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Leyendecker, Joseph C. (1874-1951)  

During the decades between the two World Wars, the "Arrow Man," the advertising figure of the Arrow Collars and Shirts company, became the icon of urbane American masculinity. The unnamed artist-rendered figure, created by J. C. Leyendecker, received more fan mail from adoring women and girls than most leading men of the stage and screen and inspired numerous songs.

Unknown to the public, this epitome of male beauty and heterosexual female admiration was, ironically, the product of a homosexual collaboration that lasted half a century between the artist and his model, Charles Beach. Although Norman Rockwell is today the best remembered illustrator of early twentieth-century Americana, Leyendecker's ubiquitous images helped to define mainstream American standards of beauty and sophistication from the 1890s to the 1940s.

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Joseph Christian Leyendecker was born in Montabaur, Germany, to a family of Netherlandic extraction, on March 23, 1874. The family immigrated to the United States in 1882, and settled in Chicago. From early childhood, Leyendecker drew images on any available surface, a tendency that his parents encouraged. As they were unable to afford private art lessons for their son, he was apprenticed at fifteen to a Chicago engraver, with whom he began his career by designing advertisements and book illustrations.

During these years, Leyendecker also took night classes at the Art Institute of Chicago. By the time he was nineteen, he showed a mature technical mastery of the illustrator's art and, with his younger brother Francis X. Leyendecker (1877-1924), he traveled to Paris to study at the Académie Julien.

The brothers returned to Chicago in 1898 and established a studio there. Both soon gained numerous commissions for magazine and advertisement illustrations, and in 1899, J. C. Leyendecker produced his first cover for the Saturday Evening Post, one of the leading mainstream American publications.

Leyendecker's association with the magazine continued for the next four decades. With his holiday covers for the magazine, he virtually created the popular image of Santa Claus and the New Year's baby that Americans know today.

Suddenly in great demand, the Leyendecker brothers moved to New York in 1900. Their work, characterized by what might best be called a discreet male , typically portrayed handsome young men, particularly athletes, soldiers, sailors, and muscular working men, as heroic figures, recalling the classical ideals of the French Academy and the sinuous lines of Art Nouveau.

By 1914, J. C. Leyendecker had accrued enough wealth to build an estate in New Rochelle, New York, where he lived with his brother, his sister Augusta, and his lover Charles Beach (1886-1952).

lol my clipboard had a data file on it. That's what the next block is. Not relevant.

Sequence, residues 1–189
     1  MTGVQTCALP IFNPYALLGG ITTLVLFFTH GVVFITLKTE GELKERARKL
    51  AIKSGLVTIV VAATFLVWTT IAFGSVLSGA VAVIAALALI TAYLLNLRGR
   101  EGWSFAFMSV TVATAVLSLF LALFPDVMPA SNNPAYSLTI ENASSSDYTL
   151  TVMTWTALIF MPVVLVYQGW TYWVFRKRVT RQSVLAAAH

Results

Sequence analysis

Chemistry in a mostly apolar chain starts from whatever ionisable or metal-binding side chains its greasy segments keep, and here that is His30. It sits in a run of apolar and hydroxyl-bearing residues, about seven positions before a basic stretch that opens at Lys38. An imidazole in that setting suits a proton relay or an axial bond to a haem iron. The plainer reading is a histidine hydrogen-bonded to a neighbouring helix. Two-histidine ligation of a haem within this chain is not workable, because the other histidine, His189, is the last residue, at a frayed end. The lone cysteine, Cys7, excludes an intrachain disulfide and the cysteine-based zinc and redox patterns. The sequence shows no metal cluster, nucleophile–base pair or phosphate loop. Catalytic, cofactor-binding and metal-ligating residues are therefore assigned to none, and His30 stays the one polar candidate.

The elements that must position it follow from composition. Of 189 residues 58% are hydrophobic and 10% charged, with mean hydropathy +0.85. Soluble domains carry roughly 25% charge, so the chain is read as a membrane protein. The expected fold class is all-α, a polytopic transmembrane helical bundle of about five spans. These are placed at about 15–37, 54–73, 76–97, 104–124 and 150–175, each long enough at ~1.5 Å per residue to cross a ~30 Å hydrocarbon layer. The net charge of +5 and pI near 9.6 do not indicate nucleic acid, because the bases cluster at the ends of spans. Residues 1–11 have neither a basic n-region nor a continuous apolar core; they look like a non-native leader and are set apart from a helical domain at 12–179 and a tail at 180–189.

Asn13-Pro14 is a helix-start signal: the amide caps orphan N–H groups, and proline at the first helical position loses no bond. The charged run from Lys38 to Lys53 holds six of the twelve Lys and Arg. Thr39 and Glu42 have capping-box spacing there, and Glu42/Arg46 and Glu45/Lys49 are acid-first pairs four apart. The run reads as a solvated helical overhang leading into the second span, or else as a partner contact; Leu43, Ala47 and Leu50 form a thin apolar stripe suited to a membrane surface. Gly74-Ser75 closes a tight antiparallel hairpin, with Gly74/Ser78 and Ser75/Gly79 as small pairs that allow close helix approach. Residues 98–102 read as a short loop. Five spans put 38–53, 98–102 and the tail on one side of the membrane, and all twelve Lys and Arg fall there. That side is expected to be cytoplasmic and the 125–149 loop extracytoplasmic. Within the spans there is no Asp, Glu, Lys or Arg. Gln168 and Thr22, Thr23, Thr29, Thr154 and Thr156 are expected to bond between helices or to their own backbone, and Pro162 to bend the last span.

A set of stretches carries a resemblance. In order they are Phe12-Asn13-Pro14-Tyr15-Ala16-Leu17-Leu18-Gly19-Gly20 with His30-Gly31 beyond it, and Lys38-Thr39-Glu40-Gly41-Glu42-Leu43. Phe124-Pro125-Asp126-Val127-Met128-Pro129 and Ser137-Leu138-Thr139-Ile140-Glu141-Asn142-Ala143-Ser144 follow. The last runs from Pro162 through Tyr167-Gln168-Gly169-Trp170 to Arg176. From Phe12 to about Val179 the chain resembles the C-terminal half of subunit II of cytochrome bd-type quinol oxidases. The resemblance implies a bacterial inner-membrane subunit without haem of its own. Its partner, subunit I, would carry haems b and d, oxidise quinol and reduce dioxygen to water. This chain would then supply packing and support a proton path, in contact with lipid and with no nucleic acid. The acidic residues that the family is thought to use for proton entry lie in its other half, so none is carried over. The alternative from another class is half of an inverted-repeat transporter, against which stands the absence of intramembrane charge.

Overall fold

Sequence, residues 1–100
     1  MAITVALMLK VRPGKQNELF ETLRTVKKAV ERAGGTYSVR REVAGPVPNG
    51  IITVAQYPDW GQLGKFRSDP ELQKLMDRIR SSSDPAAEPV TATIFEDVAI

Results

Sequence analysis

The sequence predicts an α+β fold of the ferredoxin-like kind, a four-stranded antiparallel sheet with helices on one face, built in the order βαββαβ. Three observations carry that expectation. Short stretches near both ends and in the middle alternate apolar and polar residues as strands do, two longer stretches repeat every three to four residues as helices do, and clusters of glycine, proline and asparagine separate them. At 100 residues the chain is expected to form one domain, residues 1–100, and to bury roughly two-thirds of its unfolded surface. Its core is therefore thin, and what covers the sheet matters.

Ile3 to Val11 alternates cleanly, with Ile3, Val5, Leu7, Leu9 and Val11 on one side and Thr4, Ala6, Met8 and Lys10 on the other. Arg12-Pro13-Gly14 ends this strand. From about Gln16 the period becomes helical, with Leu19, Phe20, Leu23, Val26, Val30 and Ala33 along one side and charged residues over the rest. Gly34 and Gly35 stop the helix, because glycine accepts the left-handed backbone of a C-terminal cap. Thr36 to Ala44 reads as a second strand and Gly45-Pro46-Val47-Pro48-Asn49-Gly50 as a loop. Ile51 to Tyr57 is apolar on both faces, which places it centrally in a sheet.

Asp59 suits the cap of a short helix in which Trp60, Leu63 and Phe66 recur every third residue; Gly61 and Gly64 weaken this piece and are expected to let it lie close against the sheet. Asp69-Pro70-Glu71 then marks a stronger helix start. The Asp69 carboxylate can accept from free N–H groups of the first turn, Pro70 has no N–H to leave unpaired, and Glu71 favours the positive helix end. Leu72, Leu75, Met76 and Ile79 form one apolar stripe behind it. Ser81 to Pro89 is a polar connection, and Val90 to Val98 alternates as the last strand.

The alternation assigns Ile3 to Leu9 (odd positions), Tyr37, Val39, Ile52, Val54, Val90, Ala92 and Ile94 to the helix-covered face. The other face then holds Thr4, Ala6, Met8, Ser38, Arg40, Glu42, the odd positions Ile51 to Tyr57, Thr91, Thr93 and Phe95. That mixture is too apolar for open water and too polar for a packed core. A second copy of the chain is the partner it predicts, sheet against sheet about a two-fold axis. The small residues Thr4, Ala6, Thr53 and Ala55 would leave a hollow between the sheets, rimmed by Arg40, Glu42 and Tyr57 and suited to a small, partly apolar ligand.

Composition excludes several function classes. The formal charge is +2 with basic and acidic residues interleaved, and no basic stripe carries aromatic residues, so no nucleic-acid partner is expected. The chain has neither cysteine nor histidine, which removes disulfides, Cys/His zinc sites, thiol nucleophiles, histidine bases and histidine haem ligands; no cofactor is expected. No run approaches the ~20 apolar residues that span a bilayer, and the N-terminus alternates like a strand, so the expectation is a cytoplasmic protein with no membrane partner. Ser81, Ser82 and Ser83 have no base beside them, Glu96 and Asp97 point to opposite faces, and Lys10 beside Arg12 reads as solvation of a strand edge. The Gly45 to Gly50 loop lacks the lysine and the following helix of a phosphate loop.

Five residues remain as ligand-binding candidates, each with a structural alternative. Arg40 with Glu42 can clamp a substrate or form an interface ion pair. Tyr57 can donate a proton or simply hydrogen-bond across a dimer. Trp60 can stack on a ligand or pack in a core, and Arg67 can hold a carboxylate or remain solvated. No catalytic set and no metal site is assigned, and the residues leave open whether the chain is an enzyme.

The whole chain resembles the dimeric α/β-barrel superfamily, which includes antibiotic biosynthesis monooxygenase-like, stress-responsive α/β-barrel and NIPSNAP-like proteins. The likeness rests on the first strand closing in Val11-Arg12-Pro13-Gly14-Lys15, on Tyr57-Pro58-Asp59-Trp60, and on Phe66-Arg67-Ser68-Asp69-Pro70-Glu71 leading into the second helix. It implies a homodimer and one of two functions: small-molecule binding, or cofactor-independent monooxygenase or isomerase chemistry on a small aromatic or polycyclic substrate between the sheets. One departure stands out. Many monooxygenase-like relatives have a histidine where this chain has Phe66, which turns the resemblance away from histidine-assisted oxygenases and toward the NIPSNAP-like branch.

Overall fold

Leyendecker met Beach in 1903, when the young model from Cleveland first posed for him. The artist was impressed not only with Beach's handsome face and physique, but also with his ability to hold poses for extended lengths of time.

Their relationship lasted until Leyendecker's death. Over the next thirty years, Beach's image as the "Arrow Man," as well as Leyendecker's other representations of him, became one of the most widely circulated visual icons in mainstream American culture. In this capacity, Beach became the symbol of American prosperity, sophistication, manliness, and style.

For forty-nine years, Beach functioned as Leyendecker's model, lover, cook, and business manager. The household was extremely careful in maintaining a strict, even secretive, privacy.

Although Beach's features were much in the public's gaze, few actual photographs of him or the Leyendeckers are to be found. Beach, presumably at Leyendecker's instruction, burned virtually all correspondence and many art works after the artist's death.

Accordingly, few facts are known about their relationship and the couple's interactions with Leyendecker's siblings.

Frank Leyendecker was, however, also known to be gay, and a rift between the brothers apparently occurred months before the younger man's death, reportedly from a drug overdose, in 1924.

The last years of J. C. Leyendecker's life were overshadowed by financial concerns, as he had spent as lavishly as he earned at the height of his career. By the 1940s, the major magazines increasingly supplanted artist's cover illustrations with photographs. As a result, Beach and Augusta sold many of Leyendecker's art works, which now bring hundreds of thousands of dollars at auction, for a pittance.

Leyendecker died at his home in New Rochelle on July 25, 1951. Beach followed him in death within months.

Patricia Juliana Smith

     

 
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A poster advertising Arrow Shirts (circa 1920?) designed by J. C. Leyendecker.
  
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    Bibliography
   

Leyendecker, J. C. The J. C. Leyendecker Poster Book. Norman Rockwell, intro. New York: Watson-Guptill Publications, 1975.

Schau, Michael. J. C. Leyendecker. New York: Watson-Guptill Publications, 1974.

Steine, Kent, and Frederic Taraba. The J. C. Leyendecker Collection. Portland, Ore.: Collectors Press, 1995.

 

    Citation Information
         
    Author: Smith, Patricia Juliana  
    Entry Title: Leyendecker, Joseph C.  
    General Editor: Claude J. Summers  
    Publication Name: glbtq: An Encyclopedia of Gay, Lesbian, Bisexual,
Transgender, and Queer Culture
 
    Publication Date: 2002  
    Date Last Updated December 7, 2002  
    Web Address www.glbtq.com/arts/leyendecker_jc.html  
    Publisher glbtq, Inc.
1130 West Adams
Chicago, IL   60607
 
    Today's Date  
    Encyclopedia Copyright: © 2002-2006, glbtq, Inc.  
    Entry Copyright © 2002, glbtq, Inc.  
 

 

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